Holidays 2020: BA, Ryanair & easyJet consider challenging 14-day quarantine rules

Holidays this summer were looking unlikely but as many European countries begin to slowly reopen their borders, a trip abroad for Britons was looking like it could be on the cards. However, holiday hopes for Britons were soon dashed when the UK government announced plans to bring in quarantine rules. According to Home Secretary Priti Patel, anyone arriving in the UK from tomorrow will have to quarantine for 14 days.


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That includes UK citizens arriving in the UK after being on holiday.

The only exceptions to the rules are certain job occupations and those arriving from the Common Travel Area which includes the Republic of Ireland, the Channel Islands and the Isle of Man.

Anyone caught breaking the rules could face a fine of £1,000.

Passengers arriving in the UK must also fill out an online form 48 hours before they travel back to the UK.

The new guidance issued to airlines and airports states that passengers and airlines could face big fines if they do not comply with the new rules, as reported by the Daily Telegraph.

The rules said “carriers should remind passengers that they could be subject to criminal sanctions upon arrival” if they do not fill out the forms or follow the rules.

The document was given to airline and airport bosses late Friday afternoon.

They were then told the rules will need to be implemented by Monday.

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But now easyJet, Ryanair and British Airways are all allegedly planning to try and block the 14-day quarantine rules, according to The Sun on Sunday.

The aviation sector has said that the quarantine rules will “close down Britain”.

A letter was sent to the UK government on Friday which said that the new measures were actually more stringent than those imposed on those who test positive for COVID-19.

According to the UK government, people with coronavirus can isolate for just seven days.

The letter, which was seen by The Sunday Times said: “In our view, the government has failed to identify a valid justification for the blanket nature of the regulations, especially given the extremely severe nature of the self-isolation provisions that apply.”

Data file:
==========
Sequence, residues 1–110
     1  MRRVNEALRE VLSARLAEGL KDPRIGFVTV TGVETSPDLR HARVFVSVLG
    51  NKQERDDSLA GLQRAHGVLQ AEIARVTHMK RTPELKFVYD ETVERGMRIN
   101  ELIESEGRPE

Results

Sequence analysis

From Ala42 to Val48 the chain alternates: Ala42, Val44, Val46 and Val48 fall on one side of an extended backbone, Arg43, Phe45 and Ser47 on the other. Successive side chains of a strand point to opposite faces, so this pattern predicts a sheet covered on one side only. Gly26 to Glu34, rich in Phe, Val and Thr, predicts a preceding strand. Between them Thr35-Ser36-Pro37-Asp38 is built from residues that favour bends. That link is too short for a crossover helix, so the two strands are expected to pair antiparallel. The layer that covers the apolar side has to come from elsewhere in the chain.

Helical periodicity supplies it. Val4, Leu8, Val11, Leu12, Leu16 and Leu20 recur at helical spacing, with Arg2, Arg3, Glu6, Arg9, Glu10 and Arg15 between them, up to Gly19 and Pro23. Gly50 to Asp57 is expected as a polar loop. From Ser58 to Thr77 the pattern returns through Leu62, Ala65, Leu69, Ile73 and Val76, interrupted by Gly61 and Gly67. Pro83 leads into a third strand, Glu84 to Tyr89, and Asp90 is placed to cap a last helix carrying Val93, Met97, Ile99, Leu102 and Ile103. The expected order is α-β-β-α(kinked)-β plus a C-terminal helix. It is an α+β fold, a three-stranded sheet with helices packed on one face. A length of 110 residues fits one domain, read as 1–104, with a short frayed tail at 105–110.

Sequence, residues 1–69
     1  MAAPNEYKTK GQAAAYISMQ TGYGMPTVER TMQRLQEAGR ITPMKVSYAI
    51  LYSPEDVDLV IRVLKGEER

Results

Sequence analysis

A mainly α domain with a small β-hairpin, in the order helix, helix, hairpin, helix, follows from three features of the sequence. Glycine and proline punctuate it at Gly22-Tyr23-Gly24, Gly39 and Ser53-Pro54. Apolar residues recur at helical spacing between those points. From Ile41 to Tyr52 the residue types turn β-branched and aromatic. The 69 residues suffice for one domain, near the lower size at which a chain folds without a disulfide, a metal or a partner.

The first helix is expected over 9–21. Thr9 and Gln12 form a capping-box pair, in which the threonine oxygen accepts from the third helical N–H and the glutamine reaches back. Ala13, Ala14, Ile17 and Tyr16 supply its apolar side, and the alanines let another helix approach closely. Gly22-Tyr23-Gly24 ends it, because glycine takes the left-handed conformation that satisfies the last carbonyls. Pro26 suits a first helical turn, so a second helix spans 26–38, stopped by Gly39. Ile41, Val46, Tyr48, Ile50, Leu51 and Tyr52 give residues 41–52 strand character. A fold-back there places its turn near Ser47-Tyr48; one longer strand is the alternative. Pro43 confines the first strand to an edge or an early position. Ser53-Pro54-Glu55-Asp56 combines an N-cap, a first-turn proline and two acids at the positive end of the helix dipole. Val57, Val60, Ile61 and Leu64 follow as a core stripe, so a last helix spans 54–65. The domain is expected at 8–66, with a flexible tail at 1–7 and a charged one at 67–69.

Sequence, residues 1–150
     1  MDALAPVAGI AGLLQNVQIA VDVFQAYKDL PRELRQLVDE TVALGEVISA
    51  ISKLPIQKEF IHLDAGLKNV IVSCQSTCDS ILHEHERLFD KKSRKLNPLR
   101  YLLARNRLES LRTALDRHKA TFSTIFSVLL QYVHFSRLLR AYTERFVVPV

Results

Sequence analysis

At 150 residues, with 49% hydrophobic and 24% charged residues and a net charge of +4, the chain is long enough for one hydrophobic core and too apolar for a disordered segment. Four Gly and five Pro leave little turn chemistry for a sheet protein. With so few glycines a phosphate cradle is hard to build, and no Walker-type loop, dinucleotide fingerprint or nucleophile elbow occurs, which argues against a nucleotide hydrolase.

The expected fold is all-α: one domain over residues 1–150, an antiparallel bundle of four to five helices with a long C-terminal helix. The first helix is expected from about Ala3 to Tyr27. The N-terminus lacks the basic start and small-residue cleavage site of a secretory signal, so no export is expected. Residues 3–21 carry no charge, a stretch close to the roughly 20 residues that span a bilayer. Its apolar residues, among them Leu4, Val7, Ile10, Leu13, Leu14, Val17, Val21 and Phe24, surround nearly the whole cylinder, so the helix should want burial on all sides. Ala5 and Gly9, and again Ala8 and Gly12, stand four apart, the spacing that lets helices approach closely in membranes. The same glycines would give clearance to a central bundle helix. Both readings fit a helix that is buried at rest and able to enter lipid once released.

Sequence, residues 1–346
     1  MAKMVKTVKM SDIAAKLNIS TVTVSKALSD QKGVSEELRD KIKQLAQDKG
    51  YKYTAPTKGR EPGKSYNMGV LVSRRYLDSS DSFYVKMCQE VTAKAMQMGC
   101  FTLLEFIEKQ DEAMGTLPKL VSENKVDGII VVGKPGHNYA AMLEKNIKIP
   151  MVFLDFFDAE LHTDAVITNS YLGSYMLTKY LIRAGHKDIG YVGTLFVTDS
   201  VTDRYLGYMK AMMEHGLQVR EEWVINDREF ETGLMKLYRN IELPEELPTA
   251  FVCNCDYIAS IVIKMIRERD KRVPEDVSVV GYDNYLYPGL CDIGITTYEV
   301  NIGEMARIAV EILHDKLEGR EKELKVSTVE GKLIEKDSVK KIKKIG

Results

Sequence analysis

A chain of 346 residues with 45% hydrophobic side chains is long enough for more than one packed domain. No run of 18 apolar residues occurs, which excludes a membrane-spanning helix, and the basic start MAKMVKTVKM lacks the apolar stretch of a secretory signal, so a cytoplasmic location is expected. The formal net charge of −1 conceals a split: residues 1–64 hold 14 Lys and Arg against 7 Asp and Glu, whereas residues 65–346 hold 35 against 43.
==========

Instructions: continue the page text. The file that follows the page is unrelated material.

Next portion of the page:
The letter was sent to the government’s top lawyer procurator general Sir Jonathan Jones.

The letter was also signed by budget airlines easyJet and Ryanair.

Currently, there are also reportedly no published rules for regions outside of England such as Wales which airlines have questioned.

Ryanair, BA and easyJet also allegedly expressed their frustration that people flying into the UK from a country with a lower ‘R-rate’ have to follow quarantine measures.

easyJet told easyJet confirms that it intends to support any legal action as a co-claimant. We cannot comment any further.”

Future plans have also been discussed to test passengers for coronavirus before they board the flight to help kickstart the aviation industry, according to the Sun on Sunday.

A Whitehall source told the paper: “People talk about tests on arrival — but the reality is you want to test before they take off. That will be the long-term goal.”

IAG boss Willie Walsh, the company which owns British Airways, said the government’s decision to enforce the quarantine rules was “terrible”.

He told Sky News on Friday: “We think it’s irrational, we think it’s disproportionate, and we are giving consideration to a legal challenge to this legislation.”

Downing Street declined to comment on the legal proceedings.

BA and Ryanair have all been contacted by separately for comment.

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